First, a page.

Coronavirus takes the stage
An unwelcome guest has (temporarily) disrupted the negotiations between the EU and the UK to reach a trade agreement. The spread of COVID-19 is seen as the main priority for Governments across Europe as the disease has the potential to collapse national health services if not slowed down. Efforts to stop the disease have resulted in different measures put in place, from calls to citizens to be responsible and have as fewer social interactions as possible and work from home, to travel restrictions and regions or even countries – in the case of Italy and probably soon Spain – in lockdown.
The European institutions have taken measures to keep the legislative and decision-making processes going. The European Parliament has decided to reduce parliamentary activity to a minimum in order to minimise contagion risks while keeping essential legislative activity going. The European Commission asked all its employees in “non-critical functions” to work from home. The leaders of the Council of the EU and the European Council have decided to maintain essential Council meetings to uphold the Union’s capacity to take decisions while cancelling all non-essential or non-urgent meetings.
EU and UK negotiators have followed through and suspended the second round of negotiations that was due to take place in London on 18-20th March. If trade talks continue to be delayed, it may jeopardise the chances of achieving a free trade deal. UK Prime minister, Boris Johnson, has already stated that they will walk away from Brexit trade talks if negotiations have failed to progress by June.
Canada style agreement or no agreement at all
Even when they were on, negotiations were not going smoothly. Since the EU-UK talks on their post-Brexit relationship started – with the first round of talks taking place last week in Brussels – it has been quite clear that the two sides have significantly different positions and hopes on what the final trade deal should look like.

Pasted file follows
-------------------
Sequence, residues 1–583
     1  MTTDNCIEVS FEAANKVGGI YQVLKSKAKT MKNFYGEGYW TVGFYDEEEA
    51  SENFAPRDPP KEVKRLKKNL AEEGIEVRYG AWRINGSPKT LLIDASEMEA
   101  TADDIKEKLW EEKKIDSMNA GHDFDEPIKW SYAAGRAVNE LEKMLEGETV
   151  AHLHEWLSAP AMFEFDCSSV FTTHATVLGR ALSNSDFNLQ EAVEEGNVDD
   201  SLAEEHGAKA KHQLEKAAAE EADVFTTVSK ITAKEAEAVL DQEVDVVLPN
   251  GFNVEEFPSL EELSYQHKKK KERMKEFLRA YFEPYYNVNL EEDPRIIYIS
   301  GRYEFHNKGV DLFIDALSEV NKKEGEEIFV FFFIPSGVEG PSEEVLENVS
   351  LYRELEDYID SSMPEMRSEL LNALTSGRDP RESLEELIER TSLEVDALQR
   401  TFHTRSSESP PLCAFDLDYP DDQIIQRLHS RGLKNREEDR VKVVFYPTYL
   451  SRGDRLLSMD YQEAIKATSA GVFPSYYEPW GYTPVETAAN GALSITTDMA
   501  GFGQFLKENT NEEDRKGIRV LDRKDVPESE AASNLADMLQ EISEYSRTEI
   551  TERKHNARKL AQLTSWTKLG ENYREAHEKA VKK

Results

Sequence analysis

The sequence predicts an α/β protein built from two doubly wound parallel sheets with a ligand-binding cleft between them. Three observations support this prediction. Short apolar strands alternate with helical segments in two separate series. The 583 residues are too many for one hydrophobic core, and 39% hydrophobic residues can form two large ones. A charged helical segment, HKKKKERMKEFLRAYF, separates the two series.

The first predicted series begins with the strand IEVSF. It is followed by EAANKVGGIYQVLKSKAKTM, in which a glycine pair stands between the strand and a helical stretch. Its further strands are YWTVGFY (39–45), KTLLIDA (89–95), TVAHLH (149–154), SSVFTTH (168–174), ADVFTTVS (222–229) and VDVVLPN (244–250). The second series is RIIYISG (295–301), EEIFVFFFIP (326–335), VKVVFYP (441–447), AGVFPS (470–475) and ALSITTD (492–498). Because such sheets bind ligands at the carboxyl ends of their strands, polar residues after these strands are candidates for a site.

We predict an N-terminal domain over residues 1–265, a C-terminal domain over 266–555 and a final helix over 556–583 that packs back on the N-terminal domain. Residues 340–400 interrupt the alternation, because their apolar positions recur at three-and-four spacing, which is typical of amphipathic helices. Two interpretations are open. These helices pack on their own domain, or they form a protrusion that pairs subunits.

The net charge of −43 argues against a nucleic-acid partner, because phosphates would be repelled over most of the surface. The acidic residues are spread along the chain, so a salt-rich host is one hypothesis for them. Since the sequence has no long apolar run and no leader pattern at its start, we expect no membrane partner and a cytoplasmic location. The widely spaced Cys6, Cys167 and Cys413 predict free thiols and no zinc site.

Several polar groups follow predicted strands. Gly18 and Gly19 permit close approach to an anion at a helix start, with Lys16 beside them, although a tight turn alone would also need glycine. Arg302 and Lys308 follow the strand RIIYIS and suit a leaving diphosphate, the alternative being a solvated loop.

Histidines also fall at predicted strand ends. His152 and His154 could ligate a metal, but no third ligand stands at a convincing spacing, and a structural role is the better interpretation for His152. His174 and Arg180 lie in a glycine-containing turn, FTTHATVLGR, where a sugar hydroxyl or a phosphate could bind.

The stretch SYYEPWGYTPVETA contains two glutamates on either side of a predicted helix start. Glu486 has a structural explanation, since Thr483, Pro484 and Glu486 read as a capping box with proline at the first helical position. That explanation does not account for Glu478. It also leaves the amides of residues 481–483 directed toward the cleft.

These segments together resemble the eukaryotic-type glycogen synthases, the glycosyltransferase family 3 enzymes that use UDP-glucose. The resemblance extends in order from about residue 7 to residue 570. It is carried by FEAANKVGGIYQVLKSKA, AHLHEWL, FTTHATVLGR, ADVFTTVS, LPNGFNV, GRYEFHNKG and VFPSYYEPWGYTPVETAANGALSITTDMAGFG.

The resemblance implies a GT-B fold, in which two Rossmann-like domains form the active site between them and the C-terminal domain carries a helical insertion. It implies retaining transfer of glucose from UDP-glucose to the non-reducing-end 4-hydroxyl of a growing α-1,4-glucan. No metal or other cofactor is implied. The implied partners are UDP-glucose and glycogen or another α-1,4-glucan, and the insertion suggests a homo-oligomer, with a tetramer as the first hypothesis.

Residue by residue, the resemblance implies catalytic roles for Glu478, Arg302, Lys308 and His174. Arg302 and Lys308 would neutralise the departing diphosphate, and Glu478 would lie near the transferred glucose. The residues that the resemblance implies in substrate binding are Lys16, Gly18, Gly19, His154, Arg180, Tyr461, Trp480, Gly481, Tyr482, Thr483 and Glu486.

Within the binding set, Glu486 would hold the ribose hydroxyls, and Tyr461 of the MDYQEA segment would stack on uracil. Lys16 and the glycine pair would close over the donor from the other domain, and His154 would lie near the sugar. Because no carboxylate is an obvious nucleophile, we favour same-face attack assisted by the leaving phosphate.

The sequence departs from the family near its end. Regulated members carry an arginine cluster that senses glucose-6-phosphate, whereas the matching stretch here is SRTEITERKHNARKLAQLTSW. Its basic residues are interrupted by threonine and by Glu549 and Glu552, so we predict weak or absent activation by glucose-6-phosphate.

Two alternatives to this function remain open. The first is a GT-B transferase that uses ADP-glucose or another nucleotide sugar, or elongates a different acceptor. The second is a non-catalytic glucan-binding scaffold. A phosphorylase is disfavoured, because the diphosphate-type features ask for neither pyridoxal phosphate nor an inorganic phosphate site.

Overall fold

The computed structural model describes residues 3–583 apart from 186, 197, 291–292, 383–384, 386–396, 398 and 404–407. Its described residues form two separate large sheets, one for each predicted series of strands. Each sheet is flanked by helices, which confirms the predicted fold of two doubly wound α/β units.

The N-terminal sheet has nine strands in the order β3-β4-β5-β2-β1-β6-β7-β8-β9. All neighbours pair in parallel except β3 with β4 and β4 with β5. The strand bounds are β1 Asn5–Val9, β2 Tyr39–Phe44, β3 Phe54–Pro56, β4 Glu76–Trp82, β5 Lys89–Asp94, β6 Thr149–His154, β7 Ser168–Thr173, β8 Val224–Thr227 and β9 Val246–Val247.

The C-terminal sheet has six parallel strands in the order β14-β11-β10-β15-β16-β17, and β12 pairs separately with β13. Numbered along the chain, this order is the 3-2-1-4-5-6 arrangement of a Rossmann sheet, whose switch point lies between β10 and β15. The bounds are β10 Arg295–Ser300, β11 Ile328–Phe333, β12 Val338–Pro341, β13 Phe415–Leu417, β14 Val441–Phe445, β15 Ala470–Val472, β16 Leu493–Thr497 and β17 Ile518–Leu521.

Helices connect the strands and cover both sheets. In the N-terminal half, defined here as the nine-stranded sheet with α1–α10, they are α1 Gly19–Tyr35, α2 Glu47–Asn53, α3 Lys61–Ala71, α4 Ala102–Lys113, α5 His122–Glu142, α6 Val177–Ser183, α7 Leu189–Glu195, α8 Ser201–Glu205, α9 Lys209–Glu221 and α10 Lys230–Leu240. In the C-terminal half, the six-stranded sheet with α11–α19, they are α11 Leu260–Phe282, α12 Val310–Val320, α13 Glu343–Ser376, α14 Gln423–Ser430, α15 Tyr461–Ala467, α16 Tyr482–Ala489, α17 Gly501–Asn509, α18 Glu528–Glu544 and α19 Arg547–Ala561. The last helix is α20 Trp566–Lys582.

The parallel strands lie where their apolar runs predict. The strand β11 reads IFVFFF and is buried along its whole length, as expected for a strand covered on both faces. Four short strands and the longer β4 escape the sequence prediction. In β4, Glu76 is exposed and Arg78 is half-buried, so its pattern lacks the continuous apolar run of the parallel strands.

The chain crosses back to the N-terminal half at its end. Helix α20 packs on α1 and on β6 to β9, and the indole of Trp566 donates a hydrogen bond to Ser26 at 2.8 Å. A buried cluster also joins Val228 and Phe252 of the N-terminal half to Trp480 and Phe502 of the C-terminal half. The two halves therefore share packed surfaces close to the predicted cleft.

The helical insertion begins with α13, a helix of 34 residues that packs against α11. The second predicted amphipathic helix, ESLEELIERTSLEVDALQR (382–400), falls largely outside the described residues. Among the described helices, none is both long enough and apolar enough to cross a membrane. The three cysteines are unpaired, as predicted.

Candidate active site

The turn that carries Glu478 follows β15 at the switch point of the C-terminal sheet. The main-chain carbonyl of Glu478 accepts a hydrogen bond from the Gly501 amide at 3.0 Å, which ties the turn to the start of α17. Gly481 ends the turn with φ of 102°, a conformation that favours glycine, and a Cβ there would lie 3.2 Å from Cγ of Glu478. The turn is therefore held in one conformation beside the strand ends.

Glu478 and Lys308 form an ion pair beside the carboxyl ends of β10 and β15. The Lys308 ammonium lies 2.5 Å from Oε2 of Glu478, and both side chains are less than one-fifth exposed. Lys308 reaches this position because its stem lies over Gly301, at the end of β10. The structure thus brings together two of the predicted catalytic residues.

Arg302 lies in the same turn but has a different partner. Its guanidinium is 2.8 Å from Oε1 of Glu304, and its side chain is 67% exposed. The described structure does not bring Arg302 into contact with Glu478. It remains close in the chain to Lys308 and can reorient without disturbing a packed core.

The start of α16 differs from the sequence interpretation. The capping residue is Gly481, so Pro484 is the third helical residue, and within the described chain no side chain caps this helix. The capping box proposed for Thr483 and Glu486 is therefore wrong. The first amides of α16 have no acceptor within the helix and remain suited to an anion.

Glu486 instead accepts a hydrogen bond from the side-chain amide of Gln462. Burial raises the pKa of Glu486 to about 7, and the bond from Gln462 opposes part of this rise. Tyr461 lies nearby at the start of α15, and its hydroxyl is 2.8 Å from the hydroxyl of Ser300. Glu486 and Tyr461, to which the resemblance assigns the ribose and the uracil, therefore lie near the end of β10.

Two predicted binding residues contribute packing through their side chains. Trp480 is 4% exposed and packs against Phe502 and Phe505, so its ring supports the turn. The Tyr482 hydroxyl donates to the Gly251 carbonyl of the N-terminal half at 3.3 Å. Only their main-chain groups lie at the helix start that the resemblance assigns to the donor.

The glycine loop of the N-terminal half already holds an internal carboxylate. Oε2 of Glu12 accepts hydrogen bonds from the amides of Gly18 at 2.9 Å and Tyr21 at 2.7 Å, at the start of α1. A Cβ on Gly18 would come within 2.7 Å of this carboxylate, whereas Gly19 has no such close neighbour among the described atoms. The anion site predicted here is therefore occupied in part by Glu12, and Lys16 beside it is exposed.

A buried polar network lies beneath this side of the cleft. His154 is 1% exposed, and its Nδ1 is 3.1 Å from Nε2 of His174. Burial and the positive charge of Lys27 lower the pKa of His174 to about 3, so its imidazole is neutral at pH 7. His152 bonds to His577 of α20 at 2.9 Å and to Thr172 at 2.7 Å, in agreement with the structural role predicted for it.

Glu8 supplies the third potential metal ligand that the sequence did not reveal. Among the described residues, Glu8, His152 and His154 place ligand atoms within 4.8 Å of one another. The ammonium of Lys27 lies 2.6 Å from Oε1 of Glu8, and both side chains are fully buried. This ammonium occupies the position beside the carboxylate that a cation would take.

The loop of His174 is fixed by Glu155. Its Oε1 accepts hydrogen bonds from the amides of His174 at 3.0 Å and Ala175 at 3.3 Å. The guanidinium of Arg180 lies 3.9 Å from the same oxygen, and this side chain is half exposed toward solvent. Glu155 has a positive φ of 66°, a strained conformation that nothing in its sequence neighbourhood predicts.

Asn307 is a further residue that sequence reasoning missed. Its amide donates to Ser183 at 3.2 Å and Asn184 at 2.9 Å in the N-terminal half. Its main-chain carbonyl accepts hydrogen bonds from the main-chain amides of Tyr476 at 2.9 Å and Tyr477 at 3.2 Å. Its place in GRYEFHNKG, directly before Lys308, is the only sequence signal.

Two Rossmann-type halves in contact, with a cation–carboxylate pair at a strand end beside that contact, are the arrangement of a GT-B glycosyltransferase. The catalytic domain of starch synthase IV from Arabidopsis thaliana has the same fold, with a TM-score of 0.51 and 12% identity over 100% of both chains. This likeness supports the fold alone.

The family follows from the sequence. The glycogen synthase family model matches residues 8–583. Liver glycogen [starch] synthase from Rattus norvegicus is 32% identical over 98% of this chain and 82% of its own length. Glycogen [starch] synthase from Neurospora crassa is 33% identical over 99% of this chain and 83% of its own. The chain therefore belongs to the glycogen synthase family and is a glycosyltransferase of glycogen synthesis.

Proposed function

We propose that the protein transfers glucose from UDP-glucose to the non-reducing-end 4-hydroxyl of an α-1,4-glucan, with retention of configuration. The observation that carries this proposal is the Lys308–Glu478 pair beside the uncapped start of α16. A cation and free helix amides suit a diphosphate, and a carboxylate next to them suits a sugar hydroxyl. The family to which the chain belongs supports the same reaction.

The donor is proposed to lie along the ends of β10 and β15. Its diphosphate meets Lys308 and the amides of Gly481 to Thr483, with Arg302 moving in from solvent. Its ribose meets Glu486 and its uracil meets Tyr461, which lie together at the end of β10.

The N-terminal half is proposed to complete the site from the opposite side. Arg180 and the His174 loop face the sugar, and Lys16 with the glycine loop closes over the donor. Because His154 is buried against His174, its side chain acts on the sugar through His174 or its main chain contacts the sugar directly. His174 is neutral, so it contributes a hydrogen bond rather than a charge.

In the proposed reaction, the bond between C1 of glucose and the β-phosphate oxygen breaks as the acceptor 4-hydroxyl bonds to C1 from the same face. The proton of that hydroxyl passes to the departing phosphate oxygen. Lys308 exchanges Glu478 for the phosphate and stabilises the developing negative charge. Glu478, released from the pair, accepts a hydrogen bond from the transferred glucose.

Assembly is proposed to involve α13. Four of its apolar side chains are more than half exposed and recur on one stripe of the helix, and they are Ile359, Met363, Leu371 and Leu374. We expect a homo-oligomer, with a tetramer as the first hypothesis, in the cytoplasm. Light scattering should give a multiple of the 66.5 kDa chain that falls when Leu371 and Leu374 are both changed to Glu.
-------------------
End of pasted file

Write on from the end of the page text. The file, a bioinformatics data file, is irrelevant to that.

In a written ministerial statement on Monday 9th, Michael Gove told UK MPs that the UK plans to table its own draft trade agreement with the EU during the next negotiating round, in what is seen as a move to pressure Brussels. Gove insisted there were already some areas of understanding between the two sides while also admitting there are considerable differences in regard to fisheries, governance, dispute settlement, and the “level playing field” issue. Regarding the later, EU Commission President, Ursula von der Leyen has warned that “it will be important that the UK makes up its mind – the closer they want to have access to the single market, the more they have to play by the rules that are the rules of the single market”.
Everyone agrees that the tone of the negotiations is much more aggressive than that of previous discussions, with the UK insisting that it is either a Canada style trade agreement or no agreement at all.
Taking things down a notch
Both the UK and the EU negotiations teams have agreed to ‘dial down’ the tone of the talks to facilitate a better negotiation when they resume. Both sides will present legal texts of their positions for the second round of negotiations, which will be studied to assess the real magnitude of the divergence between the two sides.